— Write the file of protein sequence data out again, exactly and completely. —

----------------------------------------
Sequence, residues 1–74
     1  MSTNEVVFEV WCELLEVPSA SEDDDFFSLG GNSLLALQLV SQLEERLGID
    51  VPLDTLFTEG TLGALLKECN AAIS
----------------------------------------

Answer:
Sequence, residues 1–74
     1  MSTNEVVFEV WCELLEVPSA SEDDDFFSLG GNSLLALQLV SQLEERLGID
    51  VPLDTLFTEG TLGALLKECN AAIS